Next, we want to define the ability to render the list of notes cached on the device. For this to occur, our business logic should be able to pass a list of notes to the presentation layer. We will define this behavior with a couple of Jasmine specifications.

The first specification looks like this:

describe("Public interface exists", function () {
    // App namespace test omitted...
    it("Should have public interface to return notes list", function () {


This spec is also self-explanatory, asserting the expectation that the business logic defines a getNotesList() function.

The second specification is a little more detailed:

describe("Public interface implementation", function () {

    it("Should return notes list", function () {

        var notesList =;

        expect(notesList instanceof Array).toBeTruthy();

This spec goes in a second suite, called “Public interface implementation”, where we will place specifications related to the actual implementation of the business logic’s behavior. The spec asserts that the getNotesList() function should return an Array class instance.

If we refresh specrunner.html in the browser, the tests should fail:

The tests failed because we’re missing the implementation of the behaviors we’re defining. Let’s go ahead and add the implementation like so: = (function () {

    var notesList = [];

    function getNotesList() {
        return notesList;

    return {

        getNotesList: getNotesList



Now the tests should pass:

Are you with me so far? Don’t tell me you’re not liking this. :-)

Next Steps

In the next chapter of this series we will continue implementing the business logic of the application.

Did you notice we didn’t do anything with jQuery Mobile in this chapter? That’s OK. We want to have our business logic well implemented and separated from the presentation layer. Later we will have plenty of time to take care of the user interface.

Stay tuned!

The Entire Series

Want To Learn More?

My How to Build a jQuery Mobile Application EBook takes the Notes App to the next level by adding notes synchronization with a server. Check it out!

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Source Code

Here’s the source code for this article:


describe("Notes public interface exists", function () {

    it("Defines the app", function () {

    it("Has public function: getNotesList", function () {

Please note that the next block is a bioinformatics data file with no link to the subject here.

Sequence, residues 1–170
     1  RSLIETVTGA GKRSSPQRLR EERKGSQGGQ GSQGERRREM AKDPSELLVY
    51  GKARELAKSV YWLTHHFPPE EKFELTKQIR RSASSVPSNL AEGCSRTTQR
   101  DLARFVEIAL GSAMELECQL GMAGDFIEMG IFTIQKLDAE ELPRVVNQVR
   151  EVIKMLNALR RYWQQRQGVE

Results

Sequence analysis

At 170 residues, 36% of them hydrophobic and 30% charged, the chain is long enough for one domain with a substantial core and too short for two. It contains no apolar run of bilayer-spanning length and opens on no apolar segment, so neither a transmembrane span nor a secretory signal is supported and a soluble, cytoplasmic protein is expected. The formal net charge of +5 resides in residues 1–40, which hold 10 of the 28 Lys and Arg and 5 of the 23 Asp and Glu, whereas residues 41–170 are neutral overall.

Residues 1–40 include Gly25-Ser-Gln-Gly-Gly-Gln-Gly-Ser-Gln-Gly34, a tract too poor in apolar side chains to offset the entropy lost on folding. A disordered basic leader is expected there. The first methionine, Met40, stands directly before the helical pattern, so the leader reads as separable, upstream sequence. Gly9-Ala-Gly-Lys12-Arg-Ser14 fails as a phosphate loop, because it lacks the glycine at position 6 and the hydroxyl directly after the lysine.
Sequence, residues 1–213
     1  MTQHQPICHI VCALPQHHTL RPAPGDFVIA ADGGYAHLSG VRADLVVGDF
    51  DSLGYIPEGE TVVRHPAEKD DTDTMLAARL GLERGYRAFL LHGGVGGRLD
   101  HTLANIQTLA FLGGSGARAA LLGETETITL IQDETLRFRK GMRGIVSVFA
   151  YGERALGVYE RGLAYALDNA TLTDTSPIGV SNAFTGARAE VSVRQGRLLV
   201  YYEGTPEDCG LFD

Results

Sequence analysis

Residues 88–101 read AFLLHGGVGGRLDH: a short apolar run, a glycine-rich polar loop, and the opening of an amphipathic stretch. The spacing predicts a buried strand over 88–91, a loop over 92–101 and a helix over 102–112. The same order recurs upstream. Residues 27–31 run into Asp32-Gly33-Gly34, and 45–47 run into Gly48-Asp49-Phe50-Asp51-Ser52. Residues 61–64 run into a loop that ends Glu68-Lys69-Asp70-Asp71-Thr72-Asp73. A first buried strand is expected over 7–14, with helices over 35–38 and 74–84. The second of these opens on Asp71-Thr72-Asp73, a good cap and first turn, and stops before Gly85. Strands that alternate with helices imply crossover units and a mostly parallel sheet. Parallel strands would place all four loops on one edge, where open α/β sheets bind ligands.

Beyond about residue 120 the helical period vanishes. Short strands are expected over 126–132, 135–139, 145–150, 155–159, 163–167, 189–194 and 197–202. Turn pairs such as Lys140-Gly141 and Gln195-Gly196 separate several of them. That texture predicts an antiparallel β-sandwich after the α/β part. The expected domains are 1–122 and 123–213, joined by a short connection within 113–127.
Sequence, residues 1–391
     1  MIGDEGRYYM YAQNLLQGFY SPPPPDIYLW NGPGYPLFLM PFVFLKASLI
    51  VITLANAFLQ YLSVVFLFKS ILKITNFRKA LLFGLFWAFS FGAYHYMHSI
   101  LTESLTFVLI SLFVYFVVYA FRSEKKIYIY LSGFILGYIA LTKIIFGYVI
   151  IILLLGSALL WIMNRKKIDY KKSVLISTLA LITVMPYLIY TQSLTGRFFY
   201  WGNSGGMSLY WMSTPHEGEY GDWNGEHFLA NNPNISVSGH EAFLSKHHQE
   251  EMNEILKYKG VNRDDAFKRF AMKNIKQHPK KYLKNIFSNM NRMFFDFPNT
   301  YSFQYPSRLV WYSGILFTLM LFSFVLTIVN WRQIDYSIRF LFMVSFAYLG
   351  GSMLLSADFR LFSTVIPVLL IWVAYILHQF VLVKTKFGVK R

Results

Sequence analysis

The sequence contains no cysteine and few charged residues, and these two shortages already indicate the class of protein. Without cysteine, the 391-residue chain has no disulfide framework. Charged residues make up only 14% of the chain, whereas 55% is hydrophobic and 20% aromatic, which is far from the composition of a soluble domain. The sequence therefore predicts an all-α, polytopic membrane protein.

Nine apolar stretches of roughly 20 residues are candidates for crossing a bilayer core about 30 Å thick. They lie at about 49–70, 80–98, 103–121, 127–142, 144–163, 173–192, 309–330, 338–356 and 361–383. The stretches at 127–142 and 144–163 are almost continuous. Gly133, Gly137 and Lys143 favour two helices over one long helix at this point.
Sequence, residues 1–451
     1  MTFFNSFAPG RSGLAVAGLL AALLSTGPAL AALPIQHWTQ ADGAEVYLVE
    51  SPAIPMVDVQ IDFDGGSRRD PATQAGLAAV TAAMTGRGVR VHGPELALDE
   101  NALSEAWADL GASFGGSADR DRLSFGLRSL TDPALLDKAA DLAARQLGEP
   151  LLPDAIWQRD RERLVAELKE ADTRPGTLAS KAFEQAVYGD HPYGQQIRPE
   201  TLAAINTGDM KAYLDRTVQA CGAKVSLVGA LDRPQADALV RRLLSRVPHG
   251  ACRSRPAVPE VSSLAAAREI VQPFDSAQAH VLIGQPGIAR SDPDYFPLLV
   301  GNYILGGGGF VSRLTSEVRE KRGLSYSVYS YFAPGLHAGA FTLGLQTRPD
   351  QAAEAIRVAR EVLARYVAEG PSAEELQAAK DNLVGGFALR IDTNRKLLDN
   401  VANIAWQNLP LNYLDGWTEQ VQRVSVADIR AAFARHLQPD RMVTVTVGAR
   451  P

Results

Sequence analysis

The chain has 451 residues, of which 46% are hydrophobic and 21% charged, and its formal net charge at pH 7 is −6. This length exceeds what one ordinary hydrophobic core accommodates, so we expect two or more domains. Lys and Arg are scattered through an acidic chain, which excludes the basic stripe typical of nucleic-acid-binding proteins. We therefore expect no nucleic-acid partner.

describe("Notes functions", function () {

    it("Returns a list of notes", function () {

        var notesList =;

        expect(notesList instanceof Array).toBeTruthy();


var Notes = Notes || {}
Notes.model = Notes.model || {} = (function () {

    var notesList = [];

    function getNotesList() {
        return notesList;

    return {

        getNotesList: getNotesList




  1. Jack Dempsey says

    Hey Jorge,

    Thanks for the writeup. Really liked what you did with the Sencha Touch Tutorials and am looking forward to see how the jQuery Mobile series goes. I haven’t looked much at jQuery Mobile since investigating it several months back. There seemed to be a lot of flickering and general usability issues that could not be overlooked. Have those improved in your opinion?

  2. Burr Sutter says

    The step that describes the specrunner.html has been poorly formatted, therefore it is not “copy & paste”-able.

    css” rel=”stylesheet” type=”text/css” />

  3. Startup Geezer says

    Thanks for putting this together; great stuff–especially starting off with BDD. Each person who follows this practice (and sticks with it) will be thanking you for years.

    One suggestion: So that readers can focus on the core concepts you are presenting rather than trivial (but vital) syntax, I suggest you include the essential HTML tags (like , , , etc.) in your examples.

    I realize this is trivial–and that anyone should know these basics–but including these details in your examples takes just seconds, and it would maximize the chances that less experienced readers stick with the content and absorb the important concepts you are illustrating.

    Keep up the great work. Thanks again.